Absolute Value
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1. Evaluate
and
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To do these evaluations we need to
remember the definition of absolute value.
With this definition the evaluations are easy.
Remember that absolute value takes
any nonzero number and makes sure that it’s positive.
2. Eliminate
the absolute value bars from
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This one is a little different
from the first example. We first need to
address a very common mistake with these.
Absolute value doesn’t just change
all minus signs to plus signs. Remember
that absolute value takes a number and makes sure that it’s positive or zero. To convince yourself of this try plugging in
a number, say
There are two things wrong with
this. First, is the fact that the two
numbers aren’t even close to being the same so clearly it can’t be
correct. Also note that if absolute value
is supposed to make nonzero numbers positive how can it be that we got a -77 of out of
it? Either one of these should show you
that this isn’t correct, but together they show real problems with doing this,
so don’t do it!
That doesn’t mean that we can’t
eliminate the absolute value bars however.
We just need to figure out what values of x will give positive numbers and what values of x will give negative numbers. Once we know this we can eliminate the
absolute value bars. First notice the
following (you do remember how to Solve Inequalities
right?)
So, if then and if then . With this information we can now eliminate
the absolute value bars.
Or,
So, we can still eliminate the
absolute value bars but we end up with two different formulas and the formula
that we will use will depend upon what value of x that we’ve got.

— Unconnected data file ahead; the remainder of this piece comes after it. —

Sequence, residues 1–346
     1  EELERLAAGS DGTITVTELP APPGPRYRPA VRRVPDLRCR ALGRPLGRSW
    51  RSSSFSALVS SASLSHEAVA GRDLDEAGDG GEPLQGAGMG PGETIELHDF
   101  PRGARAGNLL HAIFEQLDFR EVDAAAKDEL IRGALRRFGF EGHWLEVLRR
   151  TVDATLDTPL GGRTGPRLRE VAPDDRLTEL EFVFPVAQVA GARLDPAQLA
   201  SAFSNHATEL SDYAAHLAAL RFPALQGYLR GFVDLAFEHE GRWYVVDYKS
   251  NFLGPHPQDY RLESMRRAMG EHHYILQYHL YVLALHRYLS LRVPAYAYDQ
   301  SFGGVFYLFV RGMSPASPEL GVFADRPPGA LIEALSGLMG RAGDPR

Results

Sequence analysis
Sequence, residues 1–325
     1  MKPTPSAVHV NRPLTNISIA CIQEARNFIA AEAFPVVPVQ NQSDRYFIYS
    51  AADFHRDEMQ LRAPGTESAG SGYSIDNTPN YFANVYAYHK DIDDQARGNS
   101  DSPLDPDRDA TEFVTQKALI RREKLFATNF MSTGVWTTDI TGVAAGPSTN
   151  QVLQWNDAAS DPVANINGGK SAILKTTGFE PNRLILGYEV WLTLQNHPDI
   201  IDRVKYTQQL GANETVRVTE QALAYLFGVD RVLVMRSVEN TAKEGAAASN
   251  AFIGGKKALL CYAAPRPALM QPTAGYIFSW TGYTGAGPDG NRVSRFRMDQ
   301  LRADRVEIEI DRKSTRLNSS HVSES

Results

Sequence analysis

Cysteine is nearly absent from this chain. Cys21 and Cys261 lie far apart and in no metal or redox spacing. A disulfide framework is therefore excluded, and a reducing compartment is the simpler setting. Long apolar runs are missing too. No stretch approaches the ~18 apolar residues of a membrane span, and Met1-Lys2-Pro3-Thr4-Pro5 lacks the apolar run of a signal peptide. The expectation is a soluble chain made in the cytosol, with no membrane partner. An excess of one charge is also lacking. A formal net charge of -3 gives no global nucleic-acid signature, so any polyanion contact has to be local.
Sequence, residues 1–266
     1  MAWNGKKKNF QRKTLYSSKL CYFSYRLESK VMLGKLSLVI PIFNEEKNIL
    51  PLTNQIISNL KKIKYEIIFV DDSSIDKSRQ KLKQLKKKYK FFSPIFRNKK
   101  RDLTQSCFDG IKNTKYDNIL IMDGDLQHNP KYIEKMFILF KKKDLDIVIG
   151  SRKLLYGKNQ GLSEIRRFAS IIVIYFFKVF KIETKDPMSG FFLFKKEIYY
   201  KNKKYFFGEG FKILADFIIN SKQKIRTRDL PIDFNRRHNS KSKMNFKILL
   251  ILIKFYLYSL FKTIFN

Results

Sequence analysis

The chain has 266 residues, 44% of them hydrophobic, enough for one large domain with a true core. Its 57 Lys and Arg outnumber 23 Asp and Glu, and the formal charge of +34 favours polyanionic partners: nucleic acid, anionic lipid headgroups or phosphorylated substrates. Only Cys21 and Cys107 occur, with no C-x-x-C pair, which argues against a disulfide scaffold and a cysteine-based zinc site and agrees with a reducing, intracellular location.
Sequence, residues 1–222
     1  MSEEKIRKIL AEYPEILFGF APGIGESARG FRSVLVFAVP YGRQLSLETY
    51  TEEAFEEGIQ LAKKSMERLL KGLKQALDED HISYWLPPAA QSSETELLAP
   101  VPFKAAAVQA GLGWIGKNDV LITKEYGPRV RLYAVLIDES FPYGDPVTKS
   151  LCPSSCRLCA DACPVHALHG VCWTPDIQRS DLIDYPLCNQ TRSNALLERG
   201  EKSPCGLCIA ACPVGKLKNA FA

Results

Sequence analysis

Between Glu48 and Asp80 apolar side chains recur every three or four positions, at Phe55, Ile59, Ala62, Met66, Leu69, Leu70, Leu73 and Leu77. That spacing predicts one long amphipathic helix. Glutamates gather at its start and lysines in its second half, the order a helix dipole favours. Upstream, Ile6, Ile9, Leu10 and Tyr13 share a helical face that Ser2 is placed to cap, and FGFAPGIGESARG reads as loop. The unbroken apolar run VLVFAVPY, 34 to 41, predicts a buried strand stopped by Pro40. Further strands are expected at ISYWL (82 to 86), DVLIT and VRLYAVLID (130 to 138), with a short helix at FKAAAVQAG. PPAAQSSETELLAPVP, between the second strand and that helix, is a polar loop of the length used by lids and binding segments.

On occasion you will be asked to
do this kind of thing in a calculus class so it’s important that you can do
this when the time comes around.
3. List
as many of the properties of absolute value as you can.
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Here are a couple of basic
properties of absolute value.
These should make some sense. The first is simply restating the results of
the definition of absolute value. In
other words, absolute value makes sure the result is positive or zero (if p =
0). The second is also a result of the
definition. Since taking absolute value
results in a positive quantity or zero it won’t matter if there is a minus sign in
there or not.
We can use absolute value with
products and quotients as follows
Notice that I didn’t include sums (or
differences) here. That is because in
general
To convince yourself of this consider
the following example
Clearly the two aren’t equal. This does lead to something that is often
called the triangle inequality. The
triangle inequality is
The triangle inequality isn’t used all that often in a Calculus course, but
it’s a nice property of absolute value so I thought I’d include it.